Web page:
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Re: lilo splash screen patch

I probably won't get around to this before christmas.  My code DOES
overload the message; it was either that or modify lilo.  I use a stock
lilo with my own cboot.b (replaces boot.b).  The message is "compiled"
from an uncompressed BMP file (very easy to read) with less then 100
colours.  The compiler combines the BMP image with a chunk of code.  The
boot loader only provides 4608 bytes of space for code and data; the
message gives an additional 64K.  

If you can suggest a better way to do this, I am listening.

Erik Andersen wrote:
> On Mon Dec 06, 1999 at 02:46:25PM -0500, Robin Burgener wrote:
> > I had a look at the page you are referring to; that is not the Corel
> > Lilo patch.  When I get a chance, I will be packaging my patches.
> >
> > I'm not exectly sure what the page you found will do, it appears that it
> > will display a 320x200 image and then do the standard Lilo stuff.  The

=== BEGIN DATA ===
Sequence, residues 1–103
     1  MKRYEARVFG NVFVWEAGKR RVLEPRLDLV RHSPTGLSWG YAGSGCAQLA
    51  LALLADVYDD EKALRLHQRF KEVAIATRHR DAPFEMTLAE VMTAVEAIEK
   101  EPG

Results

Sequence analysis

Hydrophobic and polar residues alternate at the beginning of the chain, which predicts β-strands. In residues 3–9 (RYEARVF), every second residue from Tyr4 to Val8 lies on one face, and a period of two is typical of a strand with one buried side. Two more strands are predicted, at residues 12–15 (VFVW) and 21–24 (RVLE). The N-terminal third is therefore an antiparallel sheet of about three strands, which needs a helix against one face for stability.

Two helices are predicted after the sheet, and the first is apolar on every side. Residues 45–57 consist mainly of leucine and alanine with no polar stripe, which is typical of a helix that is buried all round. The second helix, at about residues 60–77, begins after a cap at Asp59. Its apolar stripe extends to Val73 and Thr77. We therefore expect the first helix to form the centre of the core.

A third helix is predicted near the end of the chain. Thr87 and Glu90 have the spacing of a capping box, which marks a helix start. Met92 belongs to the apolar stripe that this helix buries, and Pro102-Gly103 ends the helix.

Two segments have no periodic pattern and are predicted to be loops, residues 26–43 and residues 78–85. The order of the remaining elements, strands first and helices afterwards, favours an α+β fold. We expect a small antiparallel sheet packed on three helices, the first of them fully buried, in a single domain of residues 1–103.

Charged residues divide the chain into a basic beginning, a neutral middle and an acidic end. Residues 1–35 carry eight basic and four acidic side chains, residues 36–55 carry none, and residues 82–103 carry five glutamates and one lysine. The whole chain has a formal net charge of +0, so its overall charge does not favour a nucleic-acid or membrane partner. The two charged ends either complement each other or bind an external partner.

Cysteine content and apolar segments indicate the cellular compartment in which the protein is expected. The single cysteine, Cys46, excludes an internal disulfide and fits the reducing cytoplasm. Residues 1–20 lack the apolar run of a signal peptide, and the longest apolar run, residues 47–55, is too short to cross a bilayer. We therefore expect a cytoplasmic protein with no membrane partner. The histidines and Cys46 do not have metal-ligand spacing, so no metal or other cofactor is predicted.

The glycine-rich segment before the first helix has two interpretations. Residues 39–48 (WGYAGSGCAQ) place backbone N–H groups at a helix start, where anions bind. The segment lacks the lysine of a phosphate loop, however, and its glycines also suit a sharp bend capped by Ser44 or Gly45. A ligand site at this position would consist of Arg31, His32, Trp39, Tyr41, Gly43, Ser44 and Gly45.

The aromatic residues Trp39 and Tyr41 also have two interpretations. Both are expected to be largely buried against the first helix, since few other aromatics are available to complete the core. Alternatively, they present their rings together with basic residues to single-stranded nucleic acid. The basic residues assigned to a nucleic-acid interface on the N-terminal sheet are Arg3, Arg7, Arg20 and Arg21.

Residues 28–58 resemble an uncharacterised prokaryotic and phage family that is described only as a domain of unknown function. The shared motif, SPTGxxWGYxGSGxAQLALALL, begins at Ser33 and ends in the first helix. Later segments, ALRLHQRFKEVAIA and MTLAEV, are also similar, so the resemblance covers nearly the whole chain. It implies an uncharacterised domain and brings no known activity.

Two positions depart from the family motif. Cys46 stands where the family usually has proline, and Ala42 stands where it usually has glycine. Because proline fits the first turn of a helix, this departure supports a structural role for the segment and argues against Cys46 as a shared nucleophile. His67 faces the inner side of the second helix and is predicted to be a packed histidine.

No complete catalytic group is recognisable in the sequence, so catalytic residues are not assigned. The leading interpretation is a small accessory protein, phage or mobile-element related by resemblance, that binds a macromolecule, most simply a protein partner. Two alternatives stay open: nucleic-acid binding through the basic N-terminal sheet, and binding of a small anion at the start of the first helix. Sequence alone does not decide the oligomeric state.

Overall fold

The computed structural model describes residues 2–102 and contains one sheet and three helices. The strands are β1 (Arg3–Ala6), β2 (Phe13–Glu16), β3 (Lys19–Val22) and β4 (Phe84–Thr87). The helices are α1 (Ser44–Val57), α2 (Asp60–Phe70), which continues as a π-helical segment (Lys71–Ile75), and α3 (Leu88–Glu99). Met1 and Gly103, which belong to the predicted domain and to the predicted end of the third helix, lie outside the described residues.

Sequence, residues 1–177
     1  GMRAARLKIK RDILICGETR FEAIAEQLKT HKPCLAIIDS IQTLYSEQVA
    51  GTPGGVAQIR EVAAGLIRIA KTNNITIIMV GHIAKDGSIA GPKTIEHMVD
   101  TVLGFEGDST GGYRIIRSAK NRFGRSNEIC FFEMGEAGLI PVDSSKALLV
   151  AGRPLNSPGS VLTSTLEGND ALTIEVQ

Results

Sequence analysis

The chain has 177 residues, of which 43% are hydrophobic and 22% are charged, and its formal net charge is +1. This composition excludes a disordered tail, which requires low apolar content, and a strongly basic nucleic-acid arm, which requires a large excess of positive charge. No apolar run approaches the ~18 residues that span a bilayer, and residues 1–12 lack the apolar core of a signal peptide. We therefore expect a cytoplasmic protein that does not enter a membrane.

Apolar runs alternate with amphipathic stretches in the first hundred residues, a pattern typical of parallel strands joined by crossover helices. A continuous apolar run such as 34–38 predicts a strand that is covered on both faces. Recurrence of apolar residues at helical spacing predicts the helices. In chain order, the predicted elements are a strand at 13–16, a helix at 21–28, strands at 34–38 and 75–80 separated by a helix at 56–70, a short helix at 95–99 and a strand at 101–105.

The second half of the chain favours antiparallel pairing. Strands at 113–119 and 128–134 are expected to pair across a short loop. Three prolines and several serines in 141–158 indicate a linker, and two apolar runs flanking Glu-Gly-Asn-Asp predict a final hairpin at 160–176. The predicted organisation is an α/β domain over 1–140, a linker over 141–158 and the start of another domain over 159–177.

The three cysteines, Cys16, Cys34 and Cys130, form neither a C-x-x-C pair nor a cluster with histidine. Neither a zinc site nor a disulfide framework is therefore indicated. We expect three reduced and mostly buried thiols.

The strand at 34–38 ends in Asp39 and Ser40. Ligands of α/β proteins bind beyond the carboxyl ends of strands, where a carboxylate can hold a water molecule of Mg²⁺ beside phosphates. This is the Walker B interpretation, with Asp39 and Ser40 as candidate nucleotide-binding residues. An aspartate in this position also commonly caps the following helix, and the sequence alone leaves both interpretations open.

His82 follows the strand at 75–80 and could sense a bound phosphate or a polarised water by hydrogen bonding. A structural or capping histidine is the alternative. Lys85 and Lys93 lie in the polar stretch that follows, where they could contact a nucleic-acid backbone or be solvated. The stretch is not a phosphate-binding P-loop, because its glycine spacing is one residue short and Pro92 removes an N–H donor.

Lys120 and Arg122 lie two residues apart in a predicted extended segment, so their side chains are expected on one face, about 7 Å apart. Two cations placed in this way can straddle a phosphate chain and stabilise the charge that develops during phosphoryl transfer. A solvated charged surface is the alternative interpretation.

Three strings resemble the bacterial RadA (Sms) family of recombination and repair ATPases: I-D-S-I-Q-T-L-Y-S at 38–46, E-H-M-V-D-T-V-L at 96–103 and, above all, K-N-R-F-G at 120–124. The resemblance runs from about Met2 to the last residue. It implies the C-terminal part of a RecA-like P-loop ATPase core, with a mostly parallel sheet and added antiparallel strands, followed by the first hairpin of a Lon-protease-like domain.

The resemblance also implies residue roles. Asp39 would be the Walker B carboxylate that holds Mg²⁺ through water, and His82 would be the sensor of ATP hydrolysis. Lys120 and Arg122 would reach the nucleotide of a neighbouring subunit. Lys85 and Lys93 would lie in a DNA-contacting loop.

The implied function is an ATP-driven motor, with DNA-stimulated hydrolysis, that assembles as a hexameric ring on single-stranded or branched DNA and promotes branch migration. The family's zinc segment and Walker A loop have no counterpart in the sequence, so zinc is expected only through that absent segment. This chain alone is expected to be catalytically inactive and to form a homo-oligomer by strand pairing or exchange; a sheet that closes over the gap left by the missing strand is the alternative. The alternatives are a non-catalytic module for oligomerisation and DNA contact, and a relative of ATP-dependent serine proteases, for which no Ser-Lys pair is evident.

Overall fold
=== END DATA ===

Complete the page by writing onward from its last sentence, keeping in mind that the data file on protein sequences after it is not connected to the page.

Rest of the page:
> > Corel Linux patch to Lilo provides a selection menu and uses cursor keys
> > to select the boot image.
> >
> > There are several good reasons for 320x200x256...
> >  - the boot-loader runs in real mode, 320*200 = 64000 ( <64K )
> >  - byte per pixel makes drawing easier, speed is not a concern, my mini
> > graphics driver is about 1500 bytes of code (draw char, draw box, tint
> > area, decompress screen, save/restore screen, set palette...)
> >
> > Given a choice between 320x200x256 and 640x480x16, what would you
> > choose?
> >
> > P.S.  My 16 colour mini graphics driver is twice the size and does not
> > include tint area
> Sounds very cool.  So were do we find the Corel graphical
> lilo patches?  How are the image locations given to lilo?
> What format images does it accept.
> I hope it doesn't do what the Caldera OpenLinux graphical
> lilo patch does, where it overloads the "message" file to
> be an executable with a PCX image embedded in it.  The message
> executable is the one that seems to know about how to draw
> itself to the screen.

  Robin Burgener / Linux Kernel Group / Corel Corporation
  mailto: robinb@corel.com

  20Q, the neural-net on the Internet - http://www.20q.net

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